The Orbiting Lines
Published 2 years ago
The logo of Ologon
Our logo had us troubled for most of the beginning of Ologon's development. Both name and logo were an issue, as we started from a raw concept, largely based on pure gameplay and some keywords.
Working on the UI, I had most of my design elements scattered around a .PSD file. I was organizing those elements and trying to make some sense, when I decided to have a little coffe break (less coffe, more break). Then, one of my teamates took a look at my screen, and asked about one of the elements, one I was planning on using on loading screens and such. We started talking about how these orbiting lines would circle around while the game loaded, when we agreed that could give us some ideas for the logo.
Quickly, I got it covered on a vector and started testing some font compatibility. While I was working on it, I got the wording "logo" where'd be the games's name, just besides the picture. Then it came to us, that the inner circle could be an O, while Ologo, could be a name. In order to make it sound a little more science-ish, we added an N and got it polished, leading to our current logo.
We had a little bit of a problem, getting people confused about the games's name, wheter it would be called Ologon, or Logon (as, in the logo, we used all caps, people sometimes couldn't tell that the inner circle in the image was the actuall initial O of the name), and that got us somewha worried, though, after the greenlight, we actually left those wories behind.
Now, beeing a little bit technical. Working on the piece, I was worried about making it look like an orbit, as well as make it convincingly techy. That actually had me working on an all blue and white UI, while trying to find the correct amount of techiness and get it into the name, while making it sound round enough. Though I eventually got it covered, the main issue trying on the logo was the NAMING.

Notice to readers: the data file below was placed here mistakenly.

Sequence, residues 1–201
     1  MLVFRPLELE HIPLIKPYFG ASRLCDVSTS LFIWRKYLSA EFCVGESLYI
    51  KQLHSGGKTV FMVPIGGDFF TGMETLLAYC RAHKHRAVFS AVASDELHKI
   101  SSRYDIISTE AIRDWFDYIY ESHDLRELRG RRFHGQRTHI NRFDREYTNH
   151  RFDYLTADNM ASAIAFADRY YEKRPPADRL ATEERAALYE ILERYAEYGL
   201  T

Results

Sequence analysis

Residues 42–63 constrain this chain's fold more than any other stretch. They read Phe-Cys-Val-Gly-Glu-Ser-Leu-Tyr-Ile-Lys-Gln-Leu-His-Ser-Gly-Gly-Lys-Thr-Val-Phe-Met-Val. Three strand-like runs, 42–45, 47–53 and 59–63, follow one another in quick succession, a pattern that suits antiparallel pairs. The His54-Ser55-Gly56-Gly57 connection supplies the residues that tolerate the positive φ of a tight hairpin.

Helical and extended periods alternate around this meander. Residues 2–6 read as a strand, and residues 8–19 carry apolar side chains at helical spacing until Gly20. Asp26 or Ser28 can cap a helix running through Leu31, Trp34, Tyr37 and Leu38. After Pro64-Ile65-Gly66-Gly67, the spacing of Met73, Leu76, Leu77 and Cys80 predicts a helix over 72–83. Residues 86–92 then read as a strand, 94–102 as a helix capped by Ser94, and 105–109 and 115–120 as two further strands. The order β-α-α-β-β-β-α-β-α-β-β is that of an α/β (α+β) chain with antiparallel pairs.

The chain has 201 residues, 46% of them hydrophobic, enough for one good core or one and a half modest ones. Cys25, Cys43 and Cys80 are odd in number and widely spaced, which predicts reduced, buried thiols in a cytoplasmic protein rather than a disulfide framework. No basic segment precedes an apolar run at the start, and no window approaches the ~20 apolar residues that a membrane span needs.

We were concerned about making it a verb, as it'd make it really generic, as well as basing it on a characer's name (would make it kinda personal). So we were focusing hard on producing some lore, in order to get some concepts, and therefore, names. Our main problem was that all concepts we generated were actually, in some way, linked, which could mean a cliche name.
When we'd found an abstract name, that had no link to whatsoever character, technology, or anything related to the actual concept of the game, we got our minds free again. And then, we could much more easily, link the game's name to actual lore, making it "real".
I hope I could give, on this post, some hints on naming and branding of a game. There's no really perfect method, but knowing how these things worked for someone, usually helps people figure out their own problems. See you all.
Pedro Dalcin